The Istanbul-based team of 70 will use the funding to launch a series of crypto products as well as continue building an infrastructure that will support both traditional and neo-banks in their investment offers.
I’m going to go out on a limb here and guess that you’re not intimately familiar with the financial situation happening in Turkey at present. However, just as much, I’ll guess you’ve heard in the wind that things, well, shall we say, aren’t so great.
The country has a history of wildly fluctuating currency values and the word inflation is just another Tuesday. Or Thursday as were the case last week when the country saw the rate balloon to just shy of 50 percent, a figure that hasn’t been on the books in over twenty years.
So you’d be forgiven for the knee-jerk reaction of wondering who’s got money to invest, but it’s exactly this economic situation that has the potential to propel Midas to the peak of Olympus. Or the abyss of the River Styx.
One way to combat the volatility, or arguably, contribute to the instability, is to bank a portion of earnings in a foreign currency, an action that more than half the country takes part in. Whereas foreign markets may view Dollars as a currency to be traded and gold, a commodity, on the Turkish markets, these items are seen as investments, or, insurance of the value of their money.
And a highly convenient, if yet risky in itself, way to store, and potentially grow, your hard-earned break? A fractional percentage of a corporation's assets and profits; a stock.
That’s not to say that Midas is the first in Turkey to ever offer such a service, but the startup is the first in the region to do so without charging an arm and a leg to make a trade, a factor that has been cost-prohibitive to many for long. With banks typically charging $15 to $25 per trade, Midas is spinning gold through dramatically lower fees. The firm currently places a $1.50 per transaction cost on the deal, but plans are afoot to reduce this number to zero in the future.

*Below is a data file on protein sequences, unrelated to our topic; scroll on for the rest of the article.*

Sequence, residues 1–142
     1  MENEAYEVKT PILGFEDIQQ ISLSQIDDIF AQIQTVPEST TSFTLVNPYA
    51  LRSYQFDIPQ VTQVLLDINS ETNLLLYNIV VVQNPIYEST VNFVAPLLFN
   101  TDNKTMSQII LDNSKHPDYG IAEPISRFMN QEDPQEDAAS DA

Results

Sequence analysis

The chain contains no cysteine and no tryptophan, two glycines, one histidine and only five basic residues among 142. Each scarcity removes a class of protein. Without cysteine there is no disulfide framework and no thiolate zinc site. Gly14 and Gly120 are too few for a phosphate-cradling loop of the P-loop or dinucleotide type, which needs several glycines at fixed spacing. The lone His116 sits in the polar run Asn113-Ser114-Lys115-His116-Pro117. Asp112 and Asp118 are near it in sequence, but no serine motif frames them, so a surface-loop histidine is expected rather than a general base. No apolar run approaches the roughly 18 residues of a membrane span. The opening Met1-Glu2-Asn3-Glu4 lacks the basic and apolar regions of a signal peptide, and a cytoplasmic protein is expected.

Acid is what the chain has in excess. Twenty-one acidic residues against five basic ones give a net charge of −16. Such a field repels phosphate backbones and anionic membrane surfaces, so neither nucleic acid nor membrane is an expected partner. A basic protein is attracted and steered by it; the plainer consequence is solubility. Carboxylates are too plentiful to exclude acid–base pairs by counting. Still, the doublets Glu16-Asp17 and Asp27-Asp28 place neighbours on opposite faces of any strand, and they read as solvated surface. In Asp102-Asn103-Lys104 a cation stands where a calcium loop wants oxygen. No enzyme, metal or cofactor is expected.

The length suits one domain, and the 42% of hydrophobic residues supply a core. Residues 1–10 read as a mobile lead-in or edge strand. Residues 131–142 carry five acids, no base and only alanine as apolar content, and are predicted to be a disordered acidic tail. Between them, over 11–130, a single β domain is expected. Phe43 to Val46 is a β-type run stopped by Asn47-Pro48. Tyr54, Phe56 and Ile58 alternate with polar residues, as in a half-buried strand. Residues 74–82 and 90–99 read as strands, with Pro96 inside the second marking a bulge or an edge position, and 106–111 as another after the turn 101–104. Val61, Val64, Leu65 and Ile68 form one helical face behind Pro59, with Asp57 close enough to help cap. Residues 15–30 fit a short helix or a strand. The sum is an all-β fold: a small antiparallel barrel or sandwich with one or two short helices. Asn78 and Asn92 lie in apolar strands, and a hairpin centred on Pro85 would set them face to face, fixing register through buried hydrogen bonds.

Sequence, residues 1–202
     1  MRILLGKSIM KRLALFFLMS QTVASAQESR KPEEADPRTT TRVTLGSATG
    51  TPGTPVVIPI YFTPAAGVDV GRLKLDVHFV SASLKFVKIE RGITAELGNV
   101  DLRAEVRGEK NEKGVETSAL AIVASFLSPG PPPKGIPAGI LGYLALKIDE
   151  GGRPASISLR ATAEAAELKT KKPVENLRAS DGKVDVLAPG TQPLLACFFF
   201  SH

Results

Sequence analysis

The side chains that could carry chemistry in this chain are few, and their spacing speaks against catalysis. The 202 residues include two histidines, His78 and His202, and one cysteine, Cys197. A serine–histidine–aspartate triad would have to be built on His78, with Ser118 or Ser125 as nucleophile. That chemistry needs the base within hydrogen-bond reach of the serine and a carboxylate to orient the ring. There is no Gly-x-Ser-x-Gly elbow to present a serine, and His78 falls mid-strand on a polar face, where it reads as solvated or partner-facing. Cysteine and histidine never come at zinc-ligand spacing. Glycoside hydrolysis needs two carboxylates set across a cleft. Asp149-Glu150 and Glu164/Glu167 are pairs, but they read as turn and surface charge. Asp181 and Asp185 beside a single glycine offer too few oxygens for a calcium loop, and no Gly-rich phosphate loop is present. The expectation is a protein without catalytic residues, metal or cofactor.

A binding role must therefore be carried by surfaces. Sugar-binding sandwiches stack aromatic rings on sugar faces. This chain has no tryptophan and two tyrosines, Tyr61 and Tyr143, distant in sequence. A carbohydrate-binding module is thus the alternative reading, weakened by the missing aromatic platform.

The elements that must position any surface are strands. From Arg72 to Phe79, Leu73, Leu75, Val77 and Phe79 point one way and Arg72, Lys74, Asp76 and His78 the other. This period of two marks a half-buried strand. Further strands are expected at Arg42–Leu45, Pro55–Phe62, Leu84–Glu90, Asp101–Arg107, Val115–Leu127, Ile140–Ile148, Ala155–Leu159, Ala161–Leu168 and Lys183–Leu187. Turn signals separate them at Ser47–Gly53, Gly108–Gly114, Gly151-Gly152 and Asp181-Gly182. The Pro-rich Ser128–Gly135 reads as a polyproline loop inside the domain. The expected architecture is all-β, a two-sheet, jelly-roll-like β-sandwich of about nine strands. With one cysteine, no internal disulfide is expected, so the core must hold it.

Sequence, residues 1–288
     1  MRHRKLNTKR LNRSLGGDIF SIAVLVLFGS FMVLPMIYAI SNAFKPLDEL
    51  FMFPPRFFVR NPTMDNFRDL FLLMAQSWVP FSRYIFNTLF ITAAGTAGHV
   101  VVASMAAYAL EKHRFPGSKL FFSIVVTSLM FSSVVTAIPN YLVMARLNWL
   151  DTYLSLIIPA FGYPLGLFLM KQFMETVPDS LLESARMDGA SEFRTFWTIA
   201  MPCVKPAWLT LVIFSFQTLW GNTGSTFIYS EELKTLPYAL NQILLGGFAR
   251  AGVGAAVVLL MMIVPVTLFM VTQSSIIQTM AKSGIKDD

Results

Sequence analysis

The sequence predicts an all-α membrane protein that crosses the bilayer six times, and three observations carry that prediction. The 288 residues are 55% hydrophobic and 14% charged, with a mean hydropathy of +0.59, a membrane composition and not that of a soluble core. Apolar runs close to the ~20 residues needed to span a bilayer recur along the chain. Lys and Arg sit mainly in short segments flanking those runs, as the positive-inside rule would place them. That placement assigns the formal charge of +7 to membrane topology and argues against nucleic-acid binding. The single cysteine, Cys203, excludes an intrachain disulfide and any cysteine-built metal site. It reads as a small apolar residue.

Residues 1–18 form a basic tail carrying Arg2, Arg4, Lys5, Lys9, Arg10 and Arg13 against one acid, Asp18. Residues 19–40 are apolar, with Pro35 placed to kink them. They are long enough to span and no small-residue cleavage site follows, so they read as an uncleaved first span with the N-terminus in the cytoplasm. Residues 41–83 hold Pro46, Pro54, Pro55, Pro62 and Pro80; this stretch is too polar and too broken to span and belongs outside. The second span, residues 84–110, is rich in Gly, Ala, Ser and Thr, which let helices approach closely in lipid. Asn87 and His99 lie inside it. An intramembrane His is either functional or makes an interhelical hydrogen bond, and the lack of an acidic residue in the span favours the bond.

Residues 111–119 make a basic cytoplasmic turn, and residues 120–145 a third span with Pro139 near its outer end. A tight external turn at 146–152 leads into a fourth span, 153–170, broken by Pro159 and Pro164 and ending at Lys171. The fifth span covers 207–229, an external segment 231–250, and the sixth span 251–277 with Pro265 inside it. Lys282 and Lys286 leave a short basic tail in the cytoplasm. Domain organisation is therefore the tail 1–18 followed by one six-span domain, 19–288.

“We started Midas to change people’s relationship with money, for the better. The current environment in Turkey makes spending your money easy, but investing it, rather difficult. By building the most seamless investing experience, we are making investing effortless, as it should be,” says Midas CEO and founder Egem Eraslan.
Whatever your view on Spanish philosopher George Santayana’s statement, “Those who fail to learn from the mistakes of their predecessors are destined to repeat them,” it would seem that the statement has struck a chord with Eraslan and Co. as not only are they on a mission to reshape a historically rocky economic landscape, through additional services, they’re also ramping up efforts to educate the masses. And not with some staid financial papers, but through mediums they interact with on a daily basis.
Midas might be pitching itself as a fintech, but the media arm they’re building up might just make for one of Tech.eu’s parent company, Webrazzi’s next acquisitions. The startup is cranking out financial content including detailed company profiles, a daily podcast, weekly newsletter, and soon video content, all aimed at breaking down the mystique surrounding sound financial planning and investing.
Midas has garnered a total of $12 million only 8 months since inception, a clear indicator that lead investors Spark Capital and Earlybird Digital East Fund, and participants Nigel Morris, and Revo Capital are also willing to not only back the company of Midas, but the country of Turkey as well.